Try to understand different orientations and genders by reading research, articles, material from queer resource centres online, instead of making such insensitive remarks.
Just as every gym-going guy is not a gay ‘top’ (referring to their preferred position in bed), every skinny or chubby guy who wear kurtas or is into music and poetry is not a ‘bottom’! Please stop stereotyping your own community. Femme or feminine gay men can be tops too. People belonging to so-called ‘masculine’ identities can also be a versatile. For a healthy dating experience for all, look beyond a person’s appearances, and try to get to the person better.
“You are not a lesbian if you have such feminine traits!” “You are not a lesbian if you do so and so things.” “You aren’t a lesbian because of this xyz thing done by you.” Hmm. I thought people look for a potential partner or love interest on dating sites instead of certification of being a lesbian. Staaaahp! Also, straight, please stop texting and approaching lesbian women for “fun”, or (worse) to “convert” them. That’s not going to happen. I’d also like to offer a gentle reminder to fellow lesbian women too! Throw these stereotypes into the bin and support this wonderful person whom you thought to contact in this first place.
Yes, aromantics are a “thing”. Actually no, Aromantics are not things, they’re people who don’t feel romantic attraction towards anyone. They exist and they ask for compassion and companionship too. They can feel sexual and aesthetic attraction, so apart from good looks, you need to be good by nature to think about dating them. Questioning somebody’s orientation (sexual, romantic, or otherwise) is off limits in the dating game.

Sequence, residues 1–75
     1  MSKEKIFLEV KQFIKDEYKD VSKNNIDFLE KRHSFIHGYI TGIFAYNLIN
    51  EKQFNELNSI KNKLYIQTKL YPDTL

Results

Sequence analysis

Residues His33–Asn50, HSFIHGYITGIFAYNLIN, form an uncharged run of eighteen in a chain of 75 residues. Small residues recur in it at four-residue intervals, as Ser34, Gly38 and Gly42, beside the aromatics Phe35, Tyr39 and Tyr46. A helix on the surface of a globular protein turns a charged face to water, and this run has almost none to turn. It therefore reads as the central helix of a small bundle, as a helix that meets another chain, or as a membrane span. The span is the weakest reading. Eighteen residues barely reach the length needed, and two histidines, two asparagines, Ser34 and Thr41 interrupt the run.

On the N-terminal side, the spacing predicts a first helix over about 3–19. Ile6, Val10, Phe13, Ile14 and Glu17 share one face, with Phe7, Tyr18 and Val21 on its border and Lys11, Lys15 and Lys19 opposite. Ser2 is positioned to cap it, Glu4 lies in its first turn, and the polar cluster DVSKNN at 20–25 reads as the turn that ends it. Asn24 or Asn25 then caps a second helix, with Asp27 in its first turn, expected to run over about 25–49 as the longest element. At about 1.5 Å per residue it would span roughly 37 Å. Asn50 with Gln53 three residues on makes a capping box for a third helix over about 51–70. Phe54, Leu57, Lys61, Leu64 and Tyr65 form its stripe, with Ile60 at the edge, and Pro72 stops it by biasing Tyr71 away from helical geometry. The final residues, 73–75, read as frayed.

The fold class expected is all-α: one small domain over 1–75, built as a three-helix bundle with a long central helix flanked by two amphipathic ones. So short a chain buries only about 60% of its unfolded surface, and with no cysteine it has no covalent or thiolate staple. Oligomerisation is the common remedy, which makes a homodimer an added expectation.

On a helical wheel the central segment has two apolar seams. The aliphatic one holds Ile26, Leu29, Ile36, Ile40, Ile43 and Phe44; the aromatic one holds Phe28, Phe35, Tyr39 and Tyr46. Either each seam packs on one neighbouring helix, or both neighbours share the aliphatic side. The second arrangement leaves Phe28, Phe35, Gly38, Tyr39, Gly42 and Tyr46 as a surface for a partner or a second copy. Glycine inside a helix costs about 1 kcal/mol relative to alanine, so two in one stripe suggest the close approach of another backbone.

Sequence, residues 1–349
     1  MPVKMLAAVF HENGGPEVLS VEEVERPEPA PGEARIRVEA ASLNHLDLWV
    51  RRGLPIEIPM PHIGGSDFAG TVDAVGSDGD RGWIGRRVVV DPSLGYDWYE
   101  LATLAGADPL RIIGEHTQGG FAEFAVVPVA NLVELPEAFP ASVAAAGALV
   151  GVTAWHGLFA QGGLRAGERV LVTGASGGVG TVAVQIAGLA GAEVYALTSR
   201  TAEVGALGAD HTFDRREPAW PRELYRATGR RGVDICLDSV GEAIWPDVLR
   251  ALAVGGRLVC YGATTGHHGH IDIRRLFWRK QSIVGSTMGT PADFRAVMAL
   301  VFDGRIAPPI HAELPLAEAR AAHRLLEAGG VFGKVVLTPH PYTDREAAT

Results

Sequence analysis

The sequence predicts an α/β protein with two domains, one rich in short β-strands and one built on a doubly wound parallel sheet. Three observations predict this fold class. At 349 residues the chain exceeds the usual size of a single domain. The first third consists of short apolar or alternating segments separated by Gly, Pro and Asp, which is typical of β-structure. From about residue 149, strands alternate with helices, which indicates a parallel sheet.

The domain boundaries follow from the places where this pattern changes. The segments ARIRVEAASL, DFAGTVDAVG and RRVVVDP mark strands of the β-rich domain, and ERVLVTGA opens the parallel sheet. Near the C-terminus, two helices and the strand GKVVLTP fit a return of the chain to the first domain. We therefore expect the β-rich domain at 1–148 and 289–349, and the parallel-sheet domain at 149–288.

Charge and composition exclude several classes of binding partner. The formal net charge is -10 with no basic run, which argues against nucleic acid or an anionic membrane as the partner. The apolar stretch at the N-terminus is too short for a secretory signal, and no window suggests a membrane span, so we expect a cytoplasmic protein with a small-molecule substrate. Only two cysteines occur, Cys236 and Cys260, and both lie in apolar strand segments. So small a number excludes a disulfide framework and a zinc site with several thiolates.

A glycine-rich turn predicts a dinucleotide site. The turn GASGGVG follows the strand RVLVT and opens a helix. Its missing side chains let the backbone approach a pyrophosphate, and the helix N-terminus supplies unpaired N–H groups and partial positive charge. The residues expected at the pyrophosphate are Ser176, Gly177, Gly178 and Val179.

Okay, before this comes up, you need to ask yourself some questions before asking them. Does them being from the trans community matter? Why? Because society will judge you? Doesn’t this person matter more than the society’s norms?
Asking a trans individual such questions followed by more questions is problematic. Just by being trans, they don’t owe you an explanation. There’s another thing you should be aware of. If you aren’t dating a person because they are trans, I’m sorry to say, but you have transphobia which needs to be done away with (and honestly, it isn’t too hard to do!). Trans people are people. Period.
If we had a Rs. 2000 note for every time we got this questions, queer people will be millionaires by now (without exploiting the working class, that is). We face this question from parents, friends, acquaintances, relatives, and even absolute strangers. At a date, please don’t ask this question. Queer people who want kids will raise them the way they want to. We don’t need a course or a lecture on how parenting as a queer person, by defying patriarchal gender roles, is going to ruin lives of our future kids. If those who are planning, or have an ambition, to have kids and a family, they already know how they want to do their parenting. If you try to put heterosexuality or heterosexual gender roles down their throats with this question, then I have to break your bubble. This isn’t going to happen. And, let’s face it, you will get blocked!
These ten things can go a long way when you’ve decided to swipe right on a queer person, and want to take things further with them. It takes a little work, but all relationships do, don’t they?
All the best for your experience and don’t forget to educate yourself about different orientations and genders!